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Article: Peculiar geometry of northern Luzon, Philippines: Implications for regional tectonics of new gravity and paleomagnetic data

TitlePeculiar geometry of northern Luzon, Philippines: Implications for regional tectonics of new gravity and paleomagnetic data
Authors
Issue Date2006
PublisherAmerican Geophysical Union.
Citation
Tectonics, 2006, v. 25 n. 4 How to Cite?
Abstract[1] The northern termination of the Philippine archipelago is remarkably abrupt. The distinctive, almost rectangular, shape of northern Luzon is a consequence of the almost simultaneous disappearance near 18°N of the Central Cordillera, the much narrower Sierra Madre, and the broad floodplain of the Cagayan River. The floodplain is underlain by a deep sedimentary basin that is closed off just inland of the coast by an ENE-WSW structural high known as the Sicalao Ridge. Gravity surveys show that the ridge has steep flanks that are almost certainly defined by faulting. In the same region, there is also a dramatic change in the Luzon Arc, which is the volcanic expression of subduction of the South China Sea. The volcanic centers in the Central Cordillera (the North Luzon Segment of the arc) are all now inactive, but further north eruptions are frequent on the small eastern islands of the Bashi Segment. The differences between the North Luzon and Bashi segments suggest that they had very different geological histories until the late Neogene, but the evolution of northern Luzon is so poorly understood that it is not even known on which plate it originated. New paleomagnetic data and the existence of the Sicalao Ridge provide important constraints on reconstructions and, when combined with geological data, favor the possibility that in the Paleogene the Central Cordillera and Sierra Madre were combined as parts of an arc at the southern margin of the Philippine Sea. The Sicalao Ridge can be interpreted as a rift margin feature created during the detachment of Luzon from continental Sundaland. Copyright 2006 by the American Geophysical Union.
Persistent Identifierhttp://hdl.handle.net/10722/72588
ISSN
2015 Impact Factor: 3.75
2015 SCImago Journal Rankings: 2.628
ISI Accession Number ID
References

 

DC FieldValueLanguage
dc.contributor.authorMilsom, Jen_HK
dc.contributor.authorAli, JRen_HK
dc.contributor.authorQueano, KLen_HK
dc.date.accessioned2010-09-06T06:43:15Z-
dc.date.available2010-09-06T06:43:15Z-
dc.date.issued2006en_HK
dc.identifier.citationTectonics, 2006, v. 25 n. 4en_HK
dc.identifier.issn0278-7407en_HK
dc.identifier.urihttp://hdl.handle.net/10722/72588-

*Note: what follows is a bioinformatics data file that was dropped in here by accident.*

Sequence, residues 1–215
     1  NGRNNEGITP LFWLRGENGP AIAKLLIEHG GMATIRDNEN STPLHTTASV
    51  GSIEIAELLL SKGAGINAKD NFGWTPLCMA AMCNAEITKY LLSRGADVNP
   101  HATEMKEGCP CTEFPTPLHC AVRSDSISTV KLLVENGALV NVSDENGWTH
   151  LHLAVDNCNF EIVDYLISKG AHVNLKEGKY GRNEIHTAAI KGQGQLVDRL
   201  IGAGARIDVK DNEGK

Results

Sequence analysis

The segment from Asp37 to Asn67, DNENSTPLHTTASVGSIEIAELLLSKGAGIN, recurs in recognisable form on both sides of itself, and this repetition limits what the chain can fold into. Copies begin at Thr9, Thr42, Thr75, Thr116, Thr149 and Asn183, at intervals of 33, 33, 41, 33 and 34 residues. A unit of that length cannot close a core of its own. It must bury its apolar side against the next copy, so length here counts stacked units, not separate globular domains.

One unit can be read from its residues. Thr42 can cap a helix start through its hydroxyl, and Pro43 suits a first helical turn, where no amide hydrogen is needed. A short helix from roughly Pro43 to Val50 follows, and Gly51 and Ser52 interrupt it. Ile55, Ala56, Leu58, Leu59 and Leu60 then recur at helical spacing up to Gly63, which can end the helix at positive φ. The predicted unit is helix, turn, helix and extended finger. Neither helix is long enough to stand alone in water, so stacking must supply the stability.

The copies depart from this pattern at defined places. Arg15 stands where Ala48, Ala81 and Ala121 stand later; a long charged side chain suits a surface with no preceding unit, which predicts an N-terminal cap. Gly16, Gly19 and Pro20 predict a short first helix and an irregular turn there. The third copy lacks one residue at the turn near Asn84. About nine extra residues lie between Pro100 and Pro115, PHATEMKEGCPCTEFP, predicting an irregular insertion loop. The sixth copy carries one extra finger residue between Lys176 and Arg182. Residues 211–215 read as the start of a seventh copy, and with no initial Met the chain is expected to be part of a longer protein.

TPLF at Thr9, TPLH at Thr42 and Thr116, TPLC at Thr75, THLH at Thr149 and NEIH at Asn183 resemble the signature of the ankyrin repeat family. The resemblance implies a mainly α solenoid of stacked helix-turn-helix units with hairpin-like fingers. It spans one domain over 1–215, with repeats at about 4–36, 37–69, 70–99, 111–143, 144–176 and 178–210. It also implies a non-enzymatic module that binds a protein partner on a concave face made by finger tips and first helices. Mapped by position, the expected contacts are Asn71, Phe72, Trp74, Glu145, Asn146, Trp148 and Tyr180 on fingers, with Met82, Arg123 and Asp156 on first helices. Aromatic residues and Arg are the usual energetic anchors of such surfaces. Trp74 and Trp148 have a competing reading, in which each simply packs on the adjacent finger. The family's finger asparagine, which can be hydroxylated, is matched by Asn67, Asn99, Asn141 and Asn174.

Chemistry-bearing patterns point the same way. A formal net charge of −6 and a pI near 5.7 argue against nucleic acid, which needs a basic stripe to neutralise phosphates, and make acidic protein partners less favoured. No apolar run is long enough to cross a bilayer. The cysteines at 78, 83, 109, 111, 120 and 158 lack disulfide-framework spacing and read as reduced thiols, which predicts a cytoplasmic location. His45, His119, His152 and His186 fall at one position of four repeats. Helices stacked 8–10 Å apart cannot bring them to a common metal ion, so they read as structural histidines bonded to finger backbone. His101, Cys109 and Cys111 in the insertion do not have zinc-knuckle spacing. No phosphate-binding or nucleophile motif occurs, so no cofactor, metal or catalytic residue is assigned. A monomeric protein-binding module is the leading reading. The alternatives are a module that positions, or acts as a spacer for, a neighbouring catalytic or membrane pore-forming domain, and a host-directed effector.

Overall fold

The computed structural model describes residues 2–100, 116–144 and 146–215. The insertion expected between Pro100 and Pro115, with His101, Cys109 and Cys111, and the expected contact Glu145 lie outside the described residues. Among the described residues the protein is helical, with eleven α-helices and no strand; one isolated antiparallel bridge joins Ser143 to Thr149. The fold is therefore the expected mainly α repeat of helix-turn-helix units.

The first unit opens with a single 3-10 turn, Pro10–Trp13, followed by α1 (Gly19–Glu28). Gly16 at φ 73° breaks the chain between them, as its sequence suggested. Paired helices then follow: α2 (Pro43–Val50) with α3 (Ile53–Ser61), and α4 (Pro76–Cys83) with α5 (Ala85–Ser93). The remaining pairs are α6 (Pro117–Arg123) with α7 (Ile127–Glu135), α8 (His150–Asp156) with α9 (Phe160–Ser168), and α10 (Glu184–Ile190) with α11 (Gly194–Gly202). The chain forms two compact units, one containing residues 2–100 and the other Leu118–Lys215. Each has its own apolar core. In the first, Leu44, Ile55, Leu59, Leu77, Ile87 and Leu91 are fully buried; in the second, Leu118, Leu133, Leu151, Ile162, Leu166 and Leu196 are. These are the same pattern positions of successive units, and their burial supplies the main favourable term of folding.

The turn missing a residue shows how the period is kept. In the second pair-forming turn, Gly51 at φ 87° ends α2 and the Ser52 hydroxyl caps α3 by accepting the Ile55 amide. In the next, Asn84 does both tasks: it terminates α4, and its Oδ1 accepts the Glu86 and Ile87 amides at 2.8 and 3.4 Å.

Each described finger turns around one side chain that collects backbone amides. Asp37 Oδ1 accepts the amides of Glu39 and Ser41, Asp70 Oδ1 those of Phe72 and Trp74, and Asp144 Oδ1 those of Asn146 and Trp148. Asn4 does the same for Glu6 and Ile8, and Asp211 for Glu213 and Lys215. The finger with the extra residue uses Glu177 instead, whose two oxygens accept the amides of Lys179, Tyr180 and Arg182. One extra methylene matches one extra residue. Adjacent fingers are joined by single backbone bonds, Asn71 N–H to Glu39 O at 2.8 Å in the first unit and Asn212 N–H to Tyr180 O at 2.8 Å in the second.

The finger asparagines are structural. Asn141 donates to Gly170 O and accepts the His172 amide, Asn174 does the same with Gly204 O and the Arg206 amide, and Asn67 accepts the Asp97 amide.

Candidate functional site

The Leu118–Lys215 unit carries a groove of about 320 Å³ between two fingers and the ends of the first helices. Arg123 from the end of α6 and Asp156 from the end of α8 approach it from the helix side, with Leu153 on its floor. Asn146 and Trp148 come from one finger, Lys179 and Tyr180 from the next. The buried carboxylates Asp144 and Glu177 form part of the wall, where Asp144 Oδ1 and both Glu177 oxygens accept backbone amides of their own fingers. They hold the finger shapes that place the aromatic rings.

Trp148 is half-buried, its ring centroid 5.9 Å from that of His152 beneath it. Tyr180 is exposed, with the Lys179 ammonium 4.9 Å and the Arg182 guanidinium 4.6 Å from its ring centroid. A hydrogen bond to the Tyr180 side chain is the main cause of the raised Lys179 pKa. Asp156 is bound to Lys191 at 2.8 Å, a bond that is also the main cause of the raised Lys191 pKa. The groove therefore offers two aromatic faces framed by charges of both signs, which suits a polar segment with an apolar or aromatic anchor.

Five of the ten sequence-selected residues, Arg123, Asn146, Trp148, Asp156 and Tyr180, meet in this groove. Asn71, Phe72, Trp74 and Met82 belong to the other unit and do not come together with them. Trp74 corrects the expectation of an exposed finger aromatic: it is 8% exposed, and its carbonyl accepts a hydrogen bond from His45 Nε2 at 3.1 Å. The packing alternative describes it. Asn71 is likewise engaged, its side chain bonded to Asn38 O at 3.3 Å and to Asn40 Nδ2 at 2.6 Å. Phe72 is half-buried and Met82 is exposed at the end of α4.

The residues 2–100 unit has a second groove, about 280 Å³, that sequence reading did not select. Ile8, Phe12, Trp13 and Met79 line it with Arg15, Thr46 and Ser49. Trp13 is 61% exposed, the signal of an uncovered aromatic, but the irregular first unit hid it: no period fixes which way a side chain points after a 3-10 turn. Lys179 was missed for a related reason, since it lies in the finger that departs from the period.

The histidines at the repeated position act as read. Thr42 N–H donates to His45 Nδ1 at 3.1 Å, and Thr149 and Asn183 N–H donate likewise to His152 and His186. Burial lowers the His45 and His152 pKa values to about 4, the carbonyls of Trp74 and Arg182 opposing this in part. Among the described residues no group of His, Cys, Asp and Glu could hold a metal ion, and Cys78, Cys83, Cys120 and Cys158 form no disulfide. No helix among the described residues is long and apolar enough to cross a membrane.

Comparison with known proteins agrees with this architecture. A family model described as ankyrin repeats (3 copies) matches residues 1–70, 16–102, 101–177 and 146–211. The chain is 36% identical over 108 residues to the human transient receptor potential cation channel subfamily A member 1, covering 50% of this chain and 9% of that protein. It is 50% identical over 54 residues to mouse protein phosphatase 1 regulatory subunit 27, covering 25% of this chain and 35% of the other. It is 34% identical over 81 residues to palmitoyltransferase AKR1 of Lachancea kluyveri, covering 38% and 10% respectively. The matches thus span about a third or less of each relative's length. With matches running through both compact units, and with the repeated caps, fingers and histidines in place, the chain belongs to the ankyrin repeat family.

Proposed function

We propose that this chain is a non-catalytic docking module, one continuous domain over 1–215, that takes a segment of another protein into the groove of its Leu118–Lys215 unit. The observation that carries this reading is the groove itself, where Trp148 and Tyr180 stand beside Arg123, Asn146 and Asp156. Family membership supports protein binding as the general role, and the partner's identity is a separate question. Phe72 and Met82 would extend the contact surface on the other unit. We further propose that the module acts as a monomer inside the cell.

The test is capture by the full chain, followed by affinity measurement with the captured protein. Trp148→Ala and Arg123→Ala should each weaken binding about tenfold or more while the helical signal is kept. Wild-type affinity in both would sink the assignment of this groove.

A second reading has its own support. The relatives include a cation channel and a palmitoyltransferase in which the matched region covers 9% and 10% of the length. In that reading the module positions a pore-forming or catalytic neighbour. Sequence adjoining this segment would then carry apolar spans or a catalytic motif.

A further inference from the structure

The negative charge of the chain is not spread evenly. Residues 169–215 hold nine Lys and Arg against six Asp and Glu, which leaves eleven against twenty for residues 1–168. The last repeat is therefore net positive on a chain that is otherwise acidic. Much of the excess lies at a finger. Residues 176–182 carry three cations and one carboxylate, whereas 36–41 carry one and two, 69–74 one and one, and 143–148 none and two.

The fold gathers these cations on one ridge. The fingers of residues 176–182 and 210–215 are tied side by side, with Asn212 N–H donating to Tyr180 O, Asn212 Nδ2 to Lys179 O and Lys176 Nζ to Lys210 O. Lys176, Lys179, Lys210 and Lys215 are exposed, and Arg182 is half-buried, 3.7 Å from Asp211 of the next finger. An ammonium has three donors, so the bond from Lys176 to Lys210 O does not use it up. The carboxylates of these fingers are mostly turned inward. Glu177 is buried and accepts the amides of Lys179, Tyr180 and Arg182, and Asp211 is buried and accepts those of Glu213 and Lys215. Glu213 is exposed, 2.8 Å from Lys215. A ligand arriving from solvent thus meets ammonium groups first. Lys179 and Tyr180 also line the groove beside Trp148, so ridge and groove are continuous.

dc.description.abstract[1] The northern termination of the Philippine archipelago is remarkably abrupt. The distinctive, almost rectangular, shape of northern Luzon is a consequence of the almost simultaneous disappearance near 18°N of the Central Cordillera, the much narrower Sierra Madre, and the broad floodplain of the Cagayan River. The floodplain is underlain by a deep sedimentary basin that is closed off just inland of the coast by an ENE-WSW structural high known as the Sicalao Ridge. Gravity surveys show that the ridge has steep flanks that are almost certainly defined by faulting. In the same region, there is also a dramatic change in the Luzon Arc, which is the volcanic expression of subduction of the South China Sea. The volcanic centers in the Central Cordillera (the North Luzon Segment of the arc) are all now inactive, but further north eruptions are frequent on the small eastern islands of the Bashi Segment. The differences between the North Luzon and Bashi segments suggest that they had very different geological histories until the late Neogene, but the evolution of northern Luzon is so poorly understood that it is not even known on which plate it originated. New paleomagnetic data and the existence of the Sicalao Ridge provide important constraints on reconstructions and, when combined with geological data, favor the possibility that in the Paleogene the Central Cordillera and Sierra Madre were combined as parts of an arc at the southern margin of the Philippine Sea. The Sicalao Ridge can be interpreted as a rift margin feature created during the detachment of Luzon from continental Sundaland. Copyright 2006 by the American Geophysical Union.en_HK
dc.languageengen_HK
dc.publisherAmerican Geophysical Union.en_HK
dc.relation.ispartofTectonicsen_HK
dc.rightsTectonics . Copyright © American Geophysical Union.en_HK
dc.titlePeculiar geometry of northern Luzon, Philippines: Implications for regional tectonics of new gravity and paleomagnetic dataen_HK
dc.typeArticleen_HK
dc.identifier.openurlhttp://library.hku.hk:4550/resserv?sid=HKU:IR&issn=0278-7407&volume=25&spage=TC4017.&epage=&date=2006&atitle=Peculiar+geometry+of+northern+Luzon,+Philippines:+implications+for+regional+tectonics+of+new+gravity+and+paleomagnetic+data.en_HK
dc.identifier.emailAli, JR:jrali@hku.hken_HK
dc.identifier.authorityAli, JR=rp00659en_HK
dc.description.naturelink_to_subscribed_fulltext-
dc.identifier.doi10.1029/2005TC001930en_HK
dc.identifier.scopuseid_2-s2.0-33845745335en_HK
dc.identifier.hkuros133643en_HK
dc.relation.referenceshttp://www.scopus.com/mlt/select.url?eid=2-s2.0-33845745335&selection=ref&src=s&origin=recordpageen_HK
dc.identifier.volume25en_HK
dc.identifier.issue4en_HK
dc.identifier.isiWOS:000240103500001-
dc.publisher.placeUnited Statesen_HK
dc.identifier.scopusauthoridMilsom, J=7103121479en_HK
dc.identifier.scopusauthoridAli, JR=7102266465en_HK
dc.identifier.scopusauthoridQueano, KL=8365921900en_HK

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